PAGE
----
Submitted to: Plant Cell and Environment
Publication Type: Peer Reviewed Journal
Publication Acceptance Date: 6/15/1998
Publication Date: N/A
Citation: N/A Interpretive Summary: Phosphorous (P) is a major nutrient required for plant growth and development. The world P reserves are projected to be depleted within 60 years. Research on P acquisition by plants must focus on how plants adapt to growth in a P deficient environment. White lupin forms extensive root growths in response to P stress. These root growths are called proteoid roots. The chemistry of proteoid roots is altered in order to acquire mor P under P limited conditions. In experiments reported here we show that P stressed white lupin proteoid roots release an enzyme (protein catalyst) called acid phosphatase into the soil surrounding the roots. This acid phosphatase is not found in roots of normal P sufficient plants. The acid phosphatase that is released from the roots of white lupin can solubilize unavailable P from the soil and thus improve P acquisition under nutrient stress conditions. This research is important because it identifies a unique adaptive strategy that plants have to acquire P under nutrient stress conditions. It also identifies a target that may be modified by plant breeding to improve P nutrition.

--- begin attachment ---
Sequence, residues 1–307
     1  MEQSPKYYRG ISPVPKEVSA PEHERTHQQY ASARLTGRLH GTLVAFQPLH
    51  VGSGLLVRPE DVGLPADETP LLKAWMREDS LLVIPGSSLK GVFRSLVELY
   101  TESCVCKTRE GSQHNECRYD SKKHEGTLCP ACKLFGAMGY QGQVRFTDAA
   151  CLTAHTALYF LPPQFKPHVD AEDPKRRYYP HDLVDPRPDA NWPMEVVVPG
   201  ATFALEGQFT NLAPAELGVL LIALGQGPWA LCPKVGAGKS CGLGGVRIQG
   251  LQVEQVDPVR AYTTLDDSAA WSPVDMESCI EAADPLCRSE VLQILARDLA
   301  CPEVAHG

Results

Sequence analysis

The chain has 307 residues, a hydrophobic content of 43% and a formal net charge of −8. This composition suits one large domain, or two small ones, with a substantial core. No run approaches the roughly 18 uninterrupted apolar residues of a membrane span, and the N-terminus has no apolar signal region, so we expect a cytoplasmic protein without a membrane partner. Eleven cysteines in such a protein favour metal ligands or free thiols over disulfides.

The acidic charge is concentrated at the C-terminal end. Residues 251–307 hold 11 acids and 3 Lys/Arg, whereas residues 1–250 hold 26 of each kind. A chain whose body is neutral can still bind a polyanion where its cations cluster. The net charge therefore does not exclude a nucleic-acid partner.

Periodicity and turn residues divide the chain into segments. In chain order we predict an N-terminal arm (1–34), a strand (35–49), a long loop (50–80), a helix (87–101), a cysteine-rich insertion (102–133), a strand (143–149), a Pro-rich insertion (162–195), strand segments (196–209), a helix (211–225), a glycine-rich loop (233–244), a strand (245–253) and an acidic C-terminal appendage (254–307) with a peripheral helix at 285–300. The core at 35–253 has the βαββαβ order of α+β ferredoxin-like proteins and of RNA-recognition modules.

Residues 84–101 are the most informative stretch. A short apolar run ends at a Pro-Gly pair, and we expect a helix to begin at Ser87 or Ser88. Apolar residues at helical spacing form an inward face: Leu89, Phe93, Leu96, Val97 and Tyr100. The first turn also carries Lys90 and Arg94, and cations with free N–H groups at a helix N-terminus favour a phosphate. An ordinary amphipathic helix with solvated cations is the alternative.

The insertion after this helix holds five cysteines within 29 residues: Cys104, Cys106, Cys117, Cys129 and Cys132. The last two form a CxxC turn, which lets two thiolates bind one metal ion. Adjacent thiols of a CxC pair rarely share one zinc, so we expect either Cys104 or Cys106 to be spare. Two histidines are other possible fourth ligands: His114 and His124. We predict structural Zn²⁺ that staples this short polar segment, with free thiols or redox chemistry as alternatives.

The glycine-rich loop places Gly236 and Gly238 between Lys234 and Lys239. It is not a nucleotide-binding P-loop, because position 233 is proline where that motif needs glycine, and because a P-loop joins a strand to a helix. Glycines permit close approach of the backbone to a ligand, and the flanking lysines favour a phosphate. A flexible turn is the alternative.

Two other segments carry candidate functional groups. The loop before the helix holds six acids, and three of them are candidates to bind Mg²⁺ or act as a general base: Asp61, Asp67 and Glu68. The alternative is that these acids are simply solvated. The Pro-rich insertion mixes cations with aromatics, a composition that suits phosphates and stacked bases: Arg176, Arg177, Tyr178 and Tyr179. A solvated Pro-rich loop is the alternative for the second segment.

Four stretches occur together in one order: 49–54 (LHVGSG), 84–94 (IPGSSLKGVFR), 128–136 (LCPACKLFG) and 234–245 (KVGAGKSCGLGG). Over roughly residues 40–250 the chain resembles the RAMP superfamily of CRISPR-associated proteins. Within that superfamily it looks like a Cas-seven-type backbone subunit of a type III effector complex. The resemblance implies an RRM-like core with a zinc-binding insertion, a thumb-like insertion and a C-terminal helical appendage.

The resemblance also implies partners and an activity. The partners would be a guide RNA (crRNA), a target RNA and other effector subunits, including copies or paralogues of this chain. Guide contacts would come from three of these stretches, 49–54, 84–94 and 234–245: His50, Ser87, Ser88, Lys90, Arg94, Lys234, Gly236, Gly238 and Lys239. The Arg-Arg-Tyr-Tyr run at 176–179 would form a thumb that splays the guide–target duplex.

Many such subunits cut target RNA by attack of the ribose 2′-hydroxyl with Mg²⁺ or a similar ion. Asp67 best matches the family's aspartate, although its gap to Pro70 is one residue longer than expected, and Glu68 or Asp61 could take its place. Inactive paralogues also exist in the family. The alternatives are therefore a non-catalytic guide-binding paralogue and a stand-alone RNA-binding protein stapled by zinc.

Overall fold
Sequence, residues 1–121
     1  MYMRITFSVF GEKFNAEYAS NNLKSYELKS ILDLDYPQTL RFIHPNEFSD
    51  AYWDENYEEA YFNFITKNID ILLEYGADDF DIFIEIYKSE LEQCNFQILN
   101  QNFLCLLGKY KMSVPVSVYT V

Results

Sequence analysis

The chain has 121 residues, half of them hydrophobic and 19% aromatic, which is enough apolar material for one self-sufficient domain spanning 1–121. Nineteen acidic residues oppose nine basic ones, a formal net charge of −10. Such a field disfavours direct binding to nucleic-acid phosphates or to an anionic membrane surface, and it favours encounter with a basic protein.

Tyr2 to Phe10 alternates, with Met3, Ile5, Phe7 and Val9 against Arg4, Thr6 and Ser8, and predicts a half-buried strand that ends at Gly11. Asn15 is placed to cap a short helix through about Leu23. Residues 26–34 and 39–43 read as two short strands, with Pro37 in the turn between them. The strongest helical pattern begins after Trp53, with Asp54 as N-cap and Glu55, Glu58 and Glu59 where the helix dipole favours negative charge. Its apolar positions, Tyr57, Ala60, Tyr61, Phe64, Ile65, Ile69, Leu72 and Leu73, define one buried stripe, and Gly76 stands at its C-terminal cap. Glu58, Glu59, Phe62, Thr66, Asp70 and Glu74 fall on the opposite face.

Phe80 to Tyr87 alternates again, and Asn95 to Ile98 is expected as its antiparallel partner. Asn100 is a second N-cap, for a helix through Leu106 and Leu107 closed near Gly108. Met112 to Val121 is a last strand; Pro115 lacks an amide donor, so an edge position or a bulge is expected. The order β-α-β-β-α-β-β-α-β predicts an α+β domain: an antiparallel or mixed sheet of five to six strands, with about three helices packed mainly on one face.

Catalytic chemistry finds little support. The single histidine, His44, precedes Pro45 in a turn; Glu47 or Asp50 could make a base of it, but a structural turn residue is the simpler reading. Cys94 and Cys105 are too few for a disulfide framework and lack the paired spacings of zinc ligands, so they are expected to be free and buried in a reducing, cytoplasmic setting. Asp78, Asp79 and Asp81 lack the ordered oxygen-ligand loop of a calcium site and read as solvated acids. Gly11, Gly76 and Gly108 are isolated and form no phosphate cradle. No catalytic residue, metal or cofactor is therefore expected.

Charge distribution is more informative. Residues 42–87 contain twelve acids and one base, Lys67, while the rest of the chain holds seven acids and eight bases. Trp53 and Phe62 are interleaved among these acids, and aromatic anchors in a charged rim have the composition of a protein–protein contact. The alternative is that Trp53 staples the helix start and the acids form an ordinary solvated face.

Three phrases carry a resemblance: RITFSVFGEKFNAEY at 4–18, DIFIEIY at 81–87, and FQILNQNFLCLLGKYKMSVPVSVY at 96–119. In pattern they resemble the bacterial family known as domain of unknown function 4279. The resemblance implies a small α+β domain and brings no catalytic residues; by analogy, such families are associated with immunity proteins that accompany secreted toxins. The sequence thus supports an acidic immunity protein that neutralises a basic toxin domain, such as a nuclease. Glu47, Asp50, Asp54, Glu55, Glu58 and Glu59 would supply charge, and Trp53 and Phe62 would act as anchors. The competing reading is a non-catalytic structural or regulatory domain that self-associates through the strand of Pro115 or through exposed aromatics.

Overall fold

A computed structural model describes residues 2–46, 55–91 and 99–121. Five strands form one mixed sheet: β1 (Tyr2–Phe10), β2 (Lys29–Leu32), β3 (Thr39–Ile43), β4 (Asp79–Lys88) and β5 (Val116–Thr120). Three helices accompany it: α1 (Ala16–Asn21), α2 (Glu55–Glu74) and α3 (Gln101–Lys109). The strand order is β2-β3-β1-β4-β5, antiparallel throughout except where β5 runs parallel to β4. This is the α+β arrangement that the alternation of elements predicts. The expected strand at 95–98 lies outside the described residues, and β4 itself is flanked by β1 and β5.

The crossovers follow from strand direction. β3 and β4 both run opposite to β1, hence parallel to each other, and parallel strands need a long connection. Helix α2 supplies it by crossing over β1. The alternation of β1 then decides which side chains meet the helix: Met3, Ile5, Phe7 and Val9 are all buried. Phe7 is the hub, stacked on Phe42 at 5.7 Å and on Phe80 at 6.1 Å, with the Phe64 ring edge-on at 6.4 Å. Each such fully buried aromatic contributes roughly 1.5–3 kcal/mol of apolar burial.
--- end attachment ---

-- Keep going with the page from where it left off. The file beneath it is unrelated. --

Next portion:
Technical Abstract: White lupin (Lupinus albus L.) develops proteoid roots when grown in phosphorus (P) deficient conditions. These short, lateral, densely clustered roots are adapted to increase P availability. Previous studies from our laboratory have shown proteoid roots have higher rates of nonphotosynthetic carbon fixation and altered metabolism to support organic cacid exudation, which serves to solubilize P in the rhizosphere. The present work indicates that proteoid roots possess additional adaptations for increasing P availability and possibly for conserving P in the plant. Roots from P-deficient (-P) plants had significantly higher acid phosphatase (APase) activity in both endogenous samples and root exudates than comparable samples from P-sufficient (+P) plants beginning 10 days after emergence. The increase in activity in -P plants was most pronounced in the proteoid regions. In contrast, no induction of phytase activity was sfound in -P plants compared to +P plants. Native-PAGE demonstrated that under P-deficient conditions, a unique isoform of APase was induced between 10 and 12 days after emergence. This isoform was found not only within the root, but it also comprised the major form exuded from proteoid roots of -P plants. The fact that exudation of proteoid-root-specific APase occurs coincident with proteoid root development and increased exudation of organic acids indicates that white lupin has more than one adaptive strategy to enhance P acquisition.